Thanks to Hipnology for this piece in the Economist
Here’s a quote:
As Ms. Poulos and Mr Workman note, a century’s accumulation of dry fuel on public lands makes it too expensive and risky—for people, property, habitats and carbon emissions—to unleash prescribed fires on a scale needed to manage America’s national forests more efficiently. (Including private land, national parks and other government property, forests cover nearly 750m acres in America—a third of the country’s land surface.) On the other hand, letting the lumber companies loose to go logging in the national forests on such a scale would engender a massive public outcry. So, what is to be done to release the water that over-stocked forests squander?
One practical solution, known as “forest to faucet”, is being undertaken in Colorado by Denver Water, a utility serving 1.3m Denver residents. After severe wildfires stripped the local landscape and left the soil exposed, subsequent storms drove so much sediment down the hillsides that the utility is now having to spend $30m to dredge the streams and reservoirs that supply its water.
The lesson the utility has learned is that, even though it is not its responsibility, it is far better to pay to have the upstream forests thinned and cleared—so future wildfires in the watershed are nowhere near as fierce, river flows improve, storms do less damage and droughts become less frequent. Under a five-year agreement, the Forest Service will share the cost with the utility to ensure the watershed is properly managed. Denver Water’s enlightened customers will each stump up $27 over the period.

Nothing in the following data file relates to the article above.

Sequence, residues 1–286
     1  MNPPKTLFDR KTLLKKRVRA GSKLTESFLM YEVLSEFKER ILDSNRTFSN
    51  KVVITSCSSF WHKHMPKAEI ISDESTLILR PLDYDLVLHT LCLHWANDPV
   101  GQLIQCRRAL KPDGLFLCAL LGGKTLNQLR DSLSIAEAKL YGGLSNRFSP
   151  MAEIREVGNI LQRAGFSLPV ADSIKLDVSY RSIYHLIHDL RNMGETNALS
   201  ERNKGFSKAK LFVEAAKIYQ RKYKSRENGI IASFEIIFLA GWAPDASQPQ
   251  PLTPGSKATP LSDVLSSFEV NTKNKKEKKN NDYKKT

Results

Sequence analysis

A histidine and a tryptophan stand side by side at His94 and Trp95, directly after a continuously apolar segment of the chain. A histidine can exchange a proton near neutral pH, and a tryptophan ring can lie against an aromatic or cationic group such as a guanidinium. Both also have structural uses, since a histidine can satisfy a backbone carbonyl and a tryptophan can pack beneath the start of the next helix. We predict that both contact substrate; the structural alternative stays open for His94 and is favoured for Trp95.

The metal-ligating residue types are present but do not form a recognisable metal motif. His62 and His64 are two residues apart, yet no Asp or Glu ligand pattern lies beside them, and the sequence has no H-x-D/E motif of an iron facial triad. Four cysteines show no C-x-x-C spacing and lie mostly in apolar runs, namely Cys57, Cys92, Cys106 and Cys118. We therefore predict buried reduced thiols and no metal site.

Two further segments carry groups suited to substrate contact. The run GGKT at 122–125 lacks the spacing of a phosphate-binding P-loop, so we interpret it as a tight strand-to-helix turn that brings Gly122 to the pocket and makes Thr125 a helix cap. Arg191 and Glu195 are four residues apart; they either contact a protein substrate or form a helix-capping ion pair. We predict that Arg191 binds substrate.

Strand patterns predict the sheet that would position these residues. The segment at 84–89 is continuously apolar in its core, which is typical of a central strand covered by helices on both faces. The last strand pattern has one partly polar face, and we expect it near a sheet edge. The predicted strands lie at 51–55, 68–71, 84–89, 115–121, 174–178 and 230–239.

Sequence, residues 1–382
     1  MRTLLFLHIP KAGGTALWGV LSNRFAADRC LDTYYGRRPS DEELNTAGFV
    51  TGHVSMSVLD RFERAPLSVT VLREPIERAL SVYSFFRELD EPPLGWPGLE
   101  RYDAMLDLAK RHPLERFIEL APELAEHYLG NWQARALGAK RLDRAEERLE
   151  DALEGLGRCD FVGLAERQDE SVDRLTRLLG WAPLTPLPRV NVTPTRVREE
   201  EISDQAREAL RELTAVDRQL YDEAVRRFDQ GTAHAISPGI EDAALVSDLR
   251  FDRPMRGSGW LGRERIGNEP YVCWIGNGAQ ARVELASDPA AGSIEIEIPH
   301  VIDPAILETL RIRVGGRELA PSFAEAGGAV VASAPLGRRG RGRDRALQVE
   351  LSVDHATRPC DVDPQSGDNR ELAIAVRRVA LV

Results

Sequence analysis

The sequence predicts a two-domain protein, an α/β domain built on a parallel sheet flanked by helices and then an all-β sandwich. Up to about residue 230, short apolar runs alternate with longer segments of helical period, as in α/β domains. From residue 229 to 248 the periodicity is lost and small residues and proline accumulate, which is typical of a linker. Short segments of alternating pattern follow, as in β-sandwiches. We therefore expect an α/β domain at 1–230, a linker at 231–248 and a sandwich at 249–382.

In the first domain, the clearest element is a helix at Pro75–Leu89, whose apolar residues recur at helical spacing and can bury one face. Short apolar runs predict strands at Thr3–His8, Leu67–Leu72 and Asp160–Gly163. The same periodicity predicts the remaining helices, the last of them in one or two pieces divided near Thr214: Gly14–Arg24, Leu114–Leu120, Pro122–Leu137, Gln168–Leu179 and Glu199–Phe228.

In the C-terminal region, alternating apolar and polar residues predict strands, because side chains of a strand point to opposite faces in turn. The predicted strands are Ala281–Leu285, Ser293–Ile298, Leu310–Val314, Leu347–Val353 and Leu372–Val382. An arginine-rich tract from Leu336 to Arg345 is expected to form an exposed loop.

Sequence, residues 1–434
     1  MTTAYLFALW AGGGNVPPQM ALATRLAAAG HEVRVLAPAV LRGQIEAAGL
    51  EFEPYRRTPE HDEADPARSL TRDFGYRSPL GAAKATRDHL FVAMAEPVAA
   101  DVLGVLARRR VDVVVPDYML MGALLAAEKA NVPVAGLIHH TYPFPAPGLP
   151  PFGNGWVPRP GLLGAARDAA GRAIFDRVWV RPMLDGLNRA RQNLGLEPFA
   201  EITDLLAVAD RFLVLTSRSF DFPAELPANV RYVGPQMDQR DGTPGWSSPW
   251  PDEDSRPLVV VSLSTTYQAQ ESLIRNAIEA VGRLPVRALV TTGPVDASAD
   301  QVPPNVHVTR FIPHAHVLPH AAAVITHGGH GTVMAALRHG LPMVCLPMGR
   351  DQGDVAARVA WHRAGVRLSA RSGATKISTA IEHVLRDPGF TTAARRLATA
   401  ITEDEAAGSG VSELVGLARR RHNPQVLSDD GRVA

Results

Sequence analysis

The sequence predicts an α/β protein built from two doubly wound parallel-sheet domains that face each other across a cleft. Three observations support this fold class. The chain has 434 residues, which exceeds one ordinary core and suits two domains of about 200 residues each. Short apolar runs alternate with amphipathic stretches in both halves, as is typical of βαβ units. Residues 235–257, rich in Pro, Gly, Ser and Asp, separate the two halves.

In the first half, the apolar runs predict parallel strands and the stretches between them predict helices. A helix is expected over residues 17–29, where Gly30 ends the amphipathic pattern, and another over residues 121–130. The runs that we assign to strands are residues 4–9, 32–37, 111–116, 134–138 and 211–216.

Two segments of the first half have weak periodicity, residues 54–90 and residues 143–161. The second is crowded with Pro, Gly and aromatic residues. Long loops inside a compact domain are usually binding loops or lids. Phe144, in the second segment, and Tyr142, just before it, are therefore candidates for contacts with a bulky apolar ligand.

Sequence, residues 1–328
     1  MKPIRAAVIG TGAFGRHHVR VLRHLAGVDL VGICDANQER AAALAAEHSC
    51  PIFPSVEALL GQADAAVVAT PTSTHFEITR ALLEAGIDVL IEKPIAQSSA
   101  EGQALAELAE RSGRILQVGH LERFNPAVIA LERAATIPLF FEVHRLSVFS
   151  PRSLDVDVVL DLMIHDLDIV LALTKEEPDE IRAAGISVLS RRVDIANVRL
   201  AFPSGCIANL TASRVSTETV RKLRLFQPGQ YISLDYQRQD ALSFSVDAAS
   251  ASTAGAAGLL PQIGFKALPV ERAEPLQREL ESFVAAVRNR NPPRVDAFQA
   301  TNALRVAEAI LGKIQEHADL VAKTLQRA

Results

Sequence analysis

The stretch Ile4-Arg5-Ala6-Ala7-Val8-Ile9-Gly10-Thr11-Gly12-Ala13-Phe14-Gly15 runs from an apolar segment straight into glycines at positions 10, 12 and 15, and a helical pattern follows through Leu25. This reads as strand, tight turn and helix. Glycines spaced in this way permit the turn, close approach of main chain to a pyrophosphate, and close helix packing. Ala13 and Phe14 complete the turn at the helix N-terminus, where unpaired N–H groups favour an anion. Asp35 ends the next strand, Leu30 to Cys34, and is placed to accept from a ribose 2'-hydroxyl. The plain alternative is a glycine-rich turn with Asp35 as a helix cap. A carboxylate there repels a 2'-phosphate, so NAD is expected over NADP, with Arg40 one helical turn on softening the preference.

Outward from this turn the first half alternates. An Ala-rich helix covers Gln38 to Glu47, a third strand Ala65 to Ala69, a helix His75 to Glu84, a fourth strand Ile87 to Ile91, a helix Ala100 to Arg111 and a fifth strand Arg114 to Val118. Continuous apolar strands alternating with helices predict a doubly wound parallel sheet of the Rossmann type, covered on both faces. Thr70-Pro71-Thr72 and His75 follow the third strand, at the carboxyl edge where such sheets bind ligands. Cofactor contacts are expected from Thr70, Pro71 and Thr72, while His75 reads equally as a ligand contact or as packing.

This public-private approach is the kind the Wesleyan researchers favour. They note that water rights in western parts of America are valued at $450 to $650 per acre-foot and rising. It therefore pays thirsty downstream communities to spend $1,000 per acre (the average cost to the Forest Service) to remove the fire-prone trash trees in upstream forests that affect their water supply. In return for their investment, they get the 2.3 acre-feet of water (worth $1,000 to $1,500), which would have otherwise transpired into the sky, for every acre of forest that has been properly thinned.
What is stopping other communities in America’s arid west from following suit? Nothing, other than a mind-set among many who think that if a dozen trees are good, 100 are better. Meanwhile, to replenish the streams before they dry up, others have to accept that chopping down trash trees to prevent conflagrations, and thereby preserve the forests, is no bad thing. As the Wesleyan ecologists admit, “We lifelong tree-huggers must learn when and where to let go.”